Norway prosecutors seek 21-year jail term for Rwandan genocide suspect
Norwegian prosecutors on Monday urged a maximum 21-year prison sentence for a Rwandan man charged with involvement in the 1994 genocide in the central African country.
There were "no extenuating circumstances" in the case of Sadi Bugingo, prosecutor Marit Formo said in her closing statement.
The 47-year-old was charged with supervising killings of 2 000 people and coordinating attacks by Interahamwe militia that targeted Tutsis and moderate Hutus in Rwanda.
The defendant took part in meetings, and had ordered others to commit the killings and supervised killings, the prosecutors said in statements broadcast online.
Bugingo has denied the charges. The defence was to make its closing statement later this week at Oslo District Court.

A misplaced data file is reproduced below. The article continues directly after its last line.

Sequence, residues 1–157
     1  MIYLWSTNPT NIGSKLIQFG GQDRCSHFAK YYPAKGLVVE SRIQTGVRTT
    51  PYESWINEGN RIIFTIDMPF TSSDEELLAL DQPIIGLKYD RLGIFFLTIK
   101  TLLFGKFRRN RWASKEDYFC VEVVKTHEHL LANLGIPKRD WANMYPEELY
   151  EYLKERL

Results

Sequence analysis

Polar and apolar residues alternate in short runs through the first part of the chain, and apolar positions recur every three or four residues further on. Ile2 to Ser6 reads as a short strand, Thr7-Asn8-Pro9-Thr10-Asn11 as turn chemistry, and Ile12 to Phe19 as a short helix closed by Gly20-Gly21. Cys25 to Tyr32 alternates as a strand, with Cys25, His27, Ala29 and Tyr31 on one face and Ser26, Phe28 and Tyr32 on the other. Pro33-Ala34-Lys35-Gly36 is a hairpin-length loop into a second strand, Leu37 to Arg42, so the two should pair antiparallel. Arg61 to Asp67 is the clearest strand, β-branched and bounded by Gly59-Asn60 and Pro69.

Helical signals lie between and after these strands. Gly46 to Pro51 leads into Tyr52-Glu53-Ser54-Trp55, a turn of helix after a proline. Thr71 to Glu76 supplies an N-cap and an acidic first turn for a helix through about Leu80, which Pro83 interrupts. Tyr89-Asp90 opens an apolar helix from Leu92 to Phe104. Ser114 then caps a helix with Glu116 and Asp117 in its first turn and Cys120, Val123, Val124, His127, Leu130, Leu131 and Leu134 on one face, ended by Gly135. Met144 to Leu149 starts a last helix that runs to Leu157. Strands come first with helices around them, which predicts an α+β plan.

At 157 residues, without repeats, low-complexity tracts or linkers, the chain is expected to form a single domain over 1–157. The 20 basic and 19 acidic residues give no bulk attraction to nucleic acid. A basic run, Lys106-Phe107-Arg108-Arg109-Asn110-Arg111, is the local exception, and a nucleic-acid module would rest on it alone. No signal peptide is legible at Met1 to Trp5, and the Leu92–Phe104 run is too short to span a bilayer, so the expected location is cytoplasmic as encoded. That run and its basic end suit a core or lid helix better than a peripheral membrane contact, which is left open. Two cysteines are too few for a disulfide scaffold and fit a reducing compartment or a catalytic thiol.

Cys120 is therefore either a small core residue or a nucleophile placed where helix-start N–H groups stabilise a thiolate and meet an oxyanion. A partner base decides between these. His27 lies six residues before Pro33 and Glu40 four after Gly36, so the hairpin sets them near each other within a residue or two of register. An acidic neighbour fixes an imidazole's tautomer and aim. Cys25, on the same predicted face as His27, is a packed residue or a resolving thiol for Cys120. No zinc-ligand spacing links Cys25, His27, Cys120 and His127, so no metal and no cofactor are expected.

The defendant was also charged with transporting refugees and armed killers to locations in Kibungo, eastern Rwanda, where killings took place, including at a local government building in the community of Birenga.
Testimony from about 60 witnesses were key in the trial that opened in September. Earlier Monday prosecutor Petter Mandt told the court that while their accounts might differ on some details, they put the defendant at the scene.
Bugingo has lived in Bergen, western Norway since 2001. He was arrested last year and has been investigated by Norwegian authorities
since 2008 after being contacted by Rwanda.
A trial recently opened in neighbouring Sweden where another Rwandan man, who holds Swedish citizenship, was charged with similar crimes.
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